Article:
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As discussed in this Cooley Go article on secondary sale transactions of private company stock, a tender offer is one of the ways in which companies can provide liquidity to their stockholders. This article will dive a bit deeper into some of the nuances involved for private companies doing tender offers.

What is a tender offer?

“Tender offer” simply means that stockholders are offered the opportunity to “tender” (i.e., sell) their stock at a fixed price. Historically, doing an initial public offering or selling the company has been the dominant method for providing liquidity – but with more companies opting to stay private for longer, tender offers have emerged as an alternative that not only creates liquidity for stockholders, but also can help investors increase their ownership in promising companies, along with helping companies simplify their capitalization table.

How are tender offers structured?

In a private company, tender offers are typically structured in one of two ways:

  • Company-led tender offers: The company will offer to buy back stock owned by certain existing stockholders with proceeds from a recently closed financing or from available cash surplus. This is sometimes called a “self-tender.”
  • Investor-led tender offers: An investor looking to increase its position in the company – typically, the lead investor from a recently closed financing round – will offer to purchase stock from existing stockholders.

What rules govern tender offers?

The rules for tender offers vary from jurisdiction to jurisdiction. In the US, while the Securities and Exchange Commission (SEC) does not precisely define the term “tender offer,” the SEC does prescribe certain technical requirements for private companies with respect to the offer process itself. For example, in connection with a transaction that qualifies as a “tender offer” for securities law purposes:

  • The offer to purchase stock must stay open for at least 20 business days from the date of announcement of the offer.
  • If there are changes to the terms of the offer, such as a decrease in the amount of stock being purchased, the offer must remain open for at least 10 business days after notice of the change is first given.
  • Companies are, as you would expect, prohibited from making any material misstatements/omissions or engaging in manipulative acts.
  • The offeror must make prompt payment of the purchase price after a tender offer closes.

Although there are no statutory rules in the US applicable to private companies around the extent of disclosures required, most companies work with their counsel to prepare an “offer document” or “information statement” that describes the terms of the tender offer and also includes detailed disclosures about any material interests of insiders that may be participating, financial statements, tax consequences and other risk factors associated with investing in the company, the sector and so on. Similar or other regulatory requirements may apply in other jurisdictions.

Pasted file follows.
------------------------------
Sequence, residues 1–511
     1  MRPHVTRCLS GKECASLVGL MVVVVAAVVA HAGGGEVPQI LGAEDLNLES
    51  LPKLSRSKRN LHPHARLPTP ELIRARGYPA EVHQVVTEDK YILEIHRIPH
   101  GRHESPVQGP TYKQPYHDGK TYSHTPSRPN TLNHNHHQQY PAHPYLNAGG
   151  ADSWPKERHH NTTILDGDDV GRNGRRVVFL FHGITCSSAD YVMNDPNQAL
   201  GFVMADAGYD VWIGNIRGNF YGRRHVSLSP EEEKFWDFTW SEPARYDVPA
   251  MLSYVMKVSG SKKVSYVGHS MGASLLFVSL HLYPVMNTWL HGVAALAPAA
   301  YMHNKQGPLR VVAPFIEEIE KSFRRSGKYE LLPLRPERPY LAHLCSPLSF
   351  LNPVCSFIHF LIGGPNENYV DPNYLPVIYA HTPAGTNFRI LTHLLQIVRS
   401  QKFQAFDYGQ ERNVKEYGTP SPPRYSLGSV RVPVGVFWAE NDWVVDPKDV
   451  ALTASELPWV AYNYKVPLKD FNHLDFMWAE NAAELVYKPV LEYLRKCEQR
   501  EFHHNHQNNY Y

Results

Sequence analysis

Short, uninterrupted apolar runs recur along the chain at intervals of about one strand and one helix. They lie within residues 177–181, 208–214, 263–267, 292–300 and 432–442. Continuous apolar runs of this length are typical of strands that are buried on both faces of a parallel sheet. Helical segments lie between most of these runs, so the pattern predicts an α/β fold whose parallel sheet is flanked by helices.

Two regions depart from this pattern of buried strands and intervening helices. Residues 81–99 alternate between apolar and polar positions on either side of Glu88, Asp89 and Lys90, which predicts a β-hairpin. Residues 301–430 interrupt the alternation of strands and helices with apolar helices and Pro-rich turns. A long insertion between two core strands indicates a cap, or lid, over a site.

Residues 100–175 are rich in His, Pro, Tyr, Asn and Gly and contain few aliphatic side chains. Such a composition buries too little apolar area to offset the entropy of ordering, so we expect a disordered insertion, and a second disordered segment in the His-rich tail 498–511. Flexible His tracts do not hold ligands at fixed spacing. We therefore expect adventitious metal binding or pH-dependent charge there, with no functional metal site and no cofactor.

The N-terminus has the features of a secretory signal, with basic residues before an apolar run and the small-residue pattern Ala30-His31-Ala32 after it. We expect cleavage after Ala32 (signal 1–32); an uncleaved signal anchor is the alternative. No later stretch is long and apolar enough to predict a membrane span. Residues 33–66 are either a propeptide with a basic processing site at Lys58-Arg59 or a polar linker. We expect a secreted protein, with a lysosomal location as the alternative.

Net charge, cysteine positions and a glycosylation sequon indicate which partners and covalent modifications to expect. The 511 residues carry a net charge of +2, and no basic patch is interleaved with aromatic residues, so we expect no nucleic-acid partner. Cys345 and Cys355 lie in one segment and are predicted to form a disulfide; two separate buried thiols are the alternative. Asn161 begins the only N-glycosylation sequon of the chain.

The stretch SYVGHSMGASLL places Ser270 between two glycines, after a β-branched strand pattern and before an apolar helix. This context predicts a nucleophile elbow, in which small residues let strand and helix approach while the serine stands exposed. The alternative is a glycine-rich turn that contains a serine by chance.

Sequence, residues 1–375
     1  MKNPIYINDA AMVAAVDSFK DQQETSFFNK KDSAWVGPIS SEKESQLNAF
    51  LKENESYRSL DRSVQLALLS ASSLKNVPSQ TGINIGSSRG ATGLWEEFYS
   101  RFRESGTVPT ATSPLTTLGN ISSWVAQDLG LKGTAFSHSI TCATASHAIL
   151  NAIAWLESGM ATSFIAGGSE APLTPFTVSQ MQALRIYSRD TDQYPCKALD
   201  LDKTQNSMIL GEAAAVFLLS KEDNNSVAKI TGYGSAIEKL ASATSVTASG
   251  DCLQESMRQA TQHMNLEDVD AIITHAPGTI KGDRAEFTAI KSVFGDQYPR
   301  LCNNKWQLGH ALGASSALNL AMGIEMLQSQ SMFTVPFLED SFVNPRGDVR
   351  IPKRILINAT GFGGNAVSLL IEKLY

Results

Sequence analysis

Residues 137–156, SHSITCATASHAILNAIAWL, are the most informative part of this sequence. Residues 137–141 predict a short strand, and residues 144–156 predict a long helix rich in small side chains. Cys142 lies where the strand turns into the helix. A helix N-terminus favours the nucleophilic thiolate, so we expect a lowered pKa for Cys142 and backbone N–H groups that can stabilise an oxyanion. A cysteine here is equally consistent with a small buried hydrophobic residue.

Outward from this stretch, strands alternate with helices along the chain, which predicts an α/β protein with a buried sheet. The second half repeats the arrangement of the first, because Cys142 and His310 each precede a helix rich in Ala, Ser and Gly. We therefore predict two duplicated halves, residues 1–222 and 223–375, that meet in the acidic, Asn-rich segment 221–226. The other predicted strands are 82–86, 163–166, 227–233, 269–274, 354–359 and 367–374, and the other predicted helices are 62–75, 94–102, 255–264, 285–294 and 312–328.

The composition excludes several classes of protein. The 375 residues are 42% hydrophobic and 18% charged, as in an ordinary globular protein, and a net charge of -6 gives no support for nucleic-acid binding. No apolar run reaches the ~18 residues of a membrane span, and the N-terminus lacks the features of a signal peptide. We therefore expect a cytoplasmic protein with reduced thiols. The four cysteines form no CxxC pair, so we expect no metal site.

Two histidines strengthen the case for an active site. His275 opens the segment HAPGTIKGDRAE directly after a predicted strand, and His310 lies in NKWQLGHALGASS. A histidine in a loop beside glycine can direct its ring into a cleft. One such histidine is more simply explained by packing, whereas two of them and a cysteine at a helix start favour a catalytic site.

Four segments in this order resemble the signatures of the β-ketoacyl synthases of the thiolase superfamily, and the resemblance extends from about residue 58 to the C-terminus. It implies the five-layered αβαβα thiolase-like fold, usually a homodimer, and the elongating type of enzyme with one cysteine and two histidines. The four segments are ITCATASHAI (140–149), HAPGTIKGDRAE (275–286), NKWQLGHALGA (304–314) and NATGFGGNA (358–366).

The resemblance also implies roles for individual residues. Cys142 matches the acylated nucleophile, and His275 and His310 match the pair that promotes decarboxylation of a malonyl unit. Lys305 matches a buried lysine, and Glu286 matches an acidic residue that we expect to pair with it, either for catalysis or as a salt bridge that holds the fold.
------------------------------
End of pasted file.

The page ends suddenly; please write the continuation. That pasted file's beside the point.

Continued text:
What practical considerations apply to tender offers?

From an administrative perspective, the process has evolved over the years, and there are now dedicated private market platforms that can assist with executing the process for a fee. However, there are a few things that you can consider and prepare for to ensure the process is smooth:

  • “Cap table hygiene” is of paramount importance before you begin the process. Make sure your cap table is up to date and accurate, as that will be the source of truth in determining the parameters of the offer and consummating the final stock sales.
  • Loop in your tax advisers early in the process so they can advise on how gains will be characterized in each relevant jurisdiction and determine other accounting effects arising from the transaction.
  • Depending on where your sellers reside, there may be tax consequences or local law requirements that will require local counsel input. Build in enough buffer time to the process to run this down.
  • If US tax considerations are relevant with respect to your company’s stock, consider whether there could be an impact on its qualified small business stock (QSBS) status –including potentially on future sales.
  • There may be transfer restrictions – including any right of first refusal in favor of the existing investors – or prior stockholder approval requirements under your corporate documents. Depending on what those are, you will need to build in time to obtain the necessary approvals and waivers.
  • Spend some time working on the messaging to your employees and allocate time to address their questions about the process and the criteria.
  • Make sure you have effective legal counsel to help with not only the drafting of the offer documents, but also to advise and guide on the above and other aspects of the transaction – including insights on market practices and managing the process.
Last reviewed: October 12, 2023
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